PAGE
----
How to: Color Chain Link Jewelry


We’ve been loving rocking chain link jewelry with everything lately, but after a while, simple silver and gold links can leave us wanting more. More color, that is! We decided it was time to give new life to some of our favorite bracelets with a little colored Plasti Dip. After a few minutes of dipping and drying, we had a bold and colorful new trendy bracelet.

Here’s our finished look.

What you’ll need: Create Your Color Plasti Dip, Plasti Dip tint, an aluminum can, chain link metal jewelry, and a plastic spoon.

Tip: You can find Plasti Dip at most hardware, auto, and home stores.

Pour enough Plasti Dip to cover half of your jewelry into an aluminum can. This will allow you to save the rest for another project since you don’t need very much for this one. It should be about three inches high.

We decided to color our bracelet seafoam, but you can do whatever color you want. Whatever color you choose, pour the lightest tint you’ll need into the mixture first. Stir with a plastic spoon.

Mix in the next color, but only pour in a small amount at a time so your color doesn’t get too dark too quickly.

Mix in your final color. If you only need two colors, skip this. If the mixture isn’t quite the shade you want it to be, play with the colors a little always adding the lightest first. Stir the mixture thoroughly so you don’t see any streaks.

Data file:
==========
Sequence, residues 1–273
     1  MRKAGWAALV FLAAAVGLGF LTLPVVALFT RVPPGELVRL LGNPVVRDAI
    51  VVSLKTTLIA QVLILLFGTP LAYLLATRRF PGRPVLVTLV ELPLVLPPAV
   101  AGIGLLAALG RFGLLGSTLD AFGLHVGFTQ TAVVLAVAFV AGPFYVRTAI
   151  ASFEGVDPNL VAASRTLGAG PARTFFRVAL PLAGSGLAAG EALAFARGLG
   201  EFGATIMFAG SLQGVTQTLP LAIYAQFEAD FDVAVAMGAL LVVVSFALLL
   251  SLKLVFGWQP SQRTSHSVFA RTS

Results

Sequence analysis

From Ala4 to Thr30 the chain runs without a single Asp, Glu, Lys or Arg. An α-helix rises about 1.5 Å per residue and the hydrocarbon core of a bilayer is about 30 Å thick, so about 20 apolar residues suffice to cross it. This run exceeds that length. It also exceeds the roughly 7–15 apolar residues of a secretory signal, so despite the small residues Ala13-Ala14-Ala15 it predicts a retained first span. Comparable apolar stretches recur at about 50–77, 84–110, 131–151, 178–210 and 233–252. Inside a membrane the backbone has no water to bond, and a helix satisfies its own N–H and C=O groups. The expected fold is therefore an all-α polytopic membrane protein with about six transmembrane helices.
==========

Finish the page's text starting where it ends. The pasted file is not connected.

Slowly dip your bracelet into the Plasti Dip, lowering it a little more every 5 seconds. Then, slowly lift the bracelet out of the Plasti Dip in 5 second increments.

Hold your bracelet over the can for at least a minute to let the excess Plasti Dip drip off.

Hold your bracelet for a couple minutes to make sure it isn’t dripping anymore. It should start to solidify, but won’t be dry yet. If you plan to do a second coat, let your bracelet dry for 30 minutes before you dip it again. Once finished, hang your bracelet to dry for at least four hours (preferably more) before wearing.

Wear your bright, new jewelry!

How do you liven up your favorite jewelry?

P.S. Find the bracelet we used for this DIY here.

15 thoughts on “How to: Color Chain Link Jewelry

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  4. I hope you see this and answer….do you think this would work on a herringbone chain? I have a cheap chain that turns my neck green but I haven’t managed to break it (unlike my good gold chains) so I wonder if I could do this and coat it to make it stop turning me green. Do you think it would work? Thanks!

    • It might work! I think it could get tricky, though, since herringbone chains have smaller spaces between links. PlastiDip also comes in spray form, that might work better for your chain! You could also try painting the chain with clear nail polish. That’s really supposed to keep it from turning you green. Good luck!

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